Most States Still House Some Youth in Adult Prisons, Report Says


WASHINGTON — Most states continue to house youth in adult prisons, putting them at risk for physical and sexual abuse, says a new report.

But as the number of youth in both juvenile and adult facilities decrease, states have the chance to end the practice of housing youth in adult facilities entirely, said the Campaign for Youth Justice in the report.

JJIE Hub The Real Price of Youth Incarceration“These populations are getting smaller and smaller and smaller, which raises the question ‘Why are we housing youth in these adult prisons?’” said Carmen Daugherty, policy director at CFYJ and author of the report.

The number of youth in the adult prison system has decreased 70 percent since 2000. On any given day at the end of 2013, states held 1,200 youth in adult prison.

Youth incarcerated with adults are likely at the highest risk for sexual abuse, according to a federal commission created by the Prison Rape Elimination Act.

Under that law, the federal government set housing separation standards designed to protect youth. They prohibit youth and adults from sharing sleeping and shower areas. When the populations do interact in common areas, states must put “sight and sound” protections in place to limit the contact youth have with adults.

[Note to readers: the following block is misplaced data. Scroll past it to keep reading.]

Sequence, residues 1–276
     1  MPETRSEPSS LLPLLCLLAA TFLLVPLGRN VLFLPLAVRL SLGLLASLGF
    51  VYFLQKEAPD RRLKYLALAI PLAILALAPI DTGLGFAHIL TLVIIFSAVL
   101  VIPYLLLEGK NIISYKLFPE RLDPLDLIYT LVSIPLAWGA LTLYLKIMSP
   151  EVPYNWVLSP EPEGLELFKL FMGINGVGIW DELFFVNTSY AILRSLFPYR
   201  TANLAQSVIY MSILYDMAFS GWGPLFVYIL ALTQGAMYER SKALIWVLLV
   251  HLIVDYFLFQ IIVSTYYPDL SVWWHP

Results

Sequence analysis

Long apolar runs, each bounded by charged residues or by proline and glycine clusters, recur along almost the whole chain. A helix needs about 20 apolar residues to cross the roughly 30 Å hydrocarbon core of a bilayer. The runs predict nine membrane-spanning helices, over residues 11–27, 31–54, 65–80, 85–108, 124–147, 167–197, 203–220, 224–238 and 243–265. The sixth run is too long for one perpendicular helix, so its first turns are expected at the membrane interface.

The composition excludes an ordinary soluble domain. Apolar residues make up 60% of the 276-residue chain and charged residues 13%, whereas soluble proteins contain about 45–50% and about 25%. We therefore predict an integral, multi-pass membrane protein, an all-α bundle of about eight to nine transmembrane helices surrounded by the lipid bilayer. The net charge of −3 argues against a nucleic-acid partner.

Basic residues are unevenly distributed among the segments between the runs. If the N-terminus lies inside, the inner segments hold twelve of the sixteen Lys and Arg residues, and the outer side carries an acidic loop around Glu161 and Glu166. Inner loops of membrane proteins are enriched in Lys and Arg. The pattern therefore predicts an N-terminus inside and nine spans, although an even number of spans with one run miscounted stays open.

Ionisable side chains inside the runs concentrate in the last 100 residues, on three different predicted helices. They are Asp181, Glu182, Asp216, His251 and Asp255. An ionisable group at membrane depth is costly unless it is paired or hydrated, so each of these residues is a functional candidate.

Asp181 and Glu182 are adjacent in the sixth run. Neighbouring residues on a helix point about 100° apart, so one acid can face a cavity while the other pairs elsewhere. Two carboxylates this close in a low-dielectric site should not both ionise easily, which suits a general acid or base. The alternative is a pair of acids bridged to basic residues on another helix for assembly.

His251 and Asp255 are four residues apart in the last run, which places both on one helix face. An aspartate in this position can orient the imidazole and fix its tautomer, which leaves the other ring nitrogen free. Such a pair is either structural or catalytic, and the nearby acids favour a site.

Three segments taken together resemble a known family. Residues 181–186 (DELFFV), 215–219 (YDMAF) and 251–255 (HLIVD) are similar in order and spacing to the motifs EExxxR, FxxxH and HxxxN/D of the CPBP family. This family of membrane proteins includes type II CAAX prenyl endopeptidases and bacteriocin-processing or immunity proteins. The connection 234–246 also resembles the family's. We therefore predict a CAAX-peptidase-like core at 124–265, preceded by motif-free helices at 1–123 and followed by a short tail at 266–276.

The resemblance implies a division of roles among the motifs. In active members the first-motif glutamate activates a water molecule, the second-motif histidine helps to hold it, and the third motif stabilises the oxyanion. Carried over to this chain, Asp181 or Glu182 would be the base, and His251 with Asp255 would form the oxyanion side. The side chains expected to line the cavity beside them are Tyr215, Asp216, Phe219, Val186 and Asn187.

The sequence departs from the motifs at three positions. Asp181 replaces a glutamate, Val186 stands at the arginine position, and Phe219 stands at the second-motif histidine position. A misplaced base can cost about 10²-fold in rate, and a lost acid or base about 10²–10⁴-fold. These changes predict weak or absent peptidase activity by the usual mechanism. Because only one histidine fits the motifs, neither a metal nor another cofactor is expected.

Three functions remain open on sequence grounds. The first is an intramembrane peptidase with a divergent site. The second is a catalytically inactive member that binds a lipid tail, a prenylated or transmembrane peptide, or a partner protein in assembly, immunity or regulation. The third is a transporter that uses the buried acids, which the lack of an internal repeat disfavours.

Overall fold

As a result, some states have stopped housing any youth in adult prisons. But 37 continue to do so, often without the protections called for by the regulations, the report said.

[Related: Cluster of “Raise the Age” Reforms Could Signal Long-Term Trend]

In most cases, states say they’re working to come into full compliance but need more time. In some cases, states are trying to reconcile state laws that consider 16- and 17-year-olds adults with federal laws that set the bar at age 18, Daugherty said.

States should think about what’s best for the youth who remain in the adult system, she said. Rather than staying in an adult prison, they may be best served in a juvenile facility that’s equipped to meet their needs.

“Ideally we would like to see these kids who are in adult prisons to be placed in juvenile facilities if appropriate. Oftentimes those systems are set up to best address the needs of the most high-risk kids,” she said.

More data is needed on the youth who end up in the adult system, she said.

The report also looks at how youth of color are placed in adult prisons at higher rates than their white peers and the experiences of girls in adult prisons.

More related articles:

U.S. Should Adhere to Global Standards in How We Treat Our Youth

Should We Close All Youth Prisons and Is Now the Right Time?

Published by

Sarah Barr

Washington, D.C., correspondent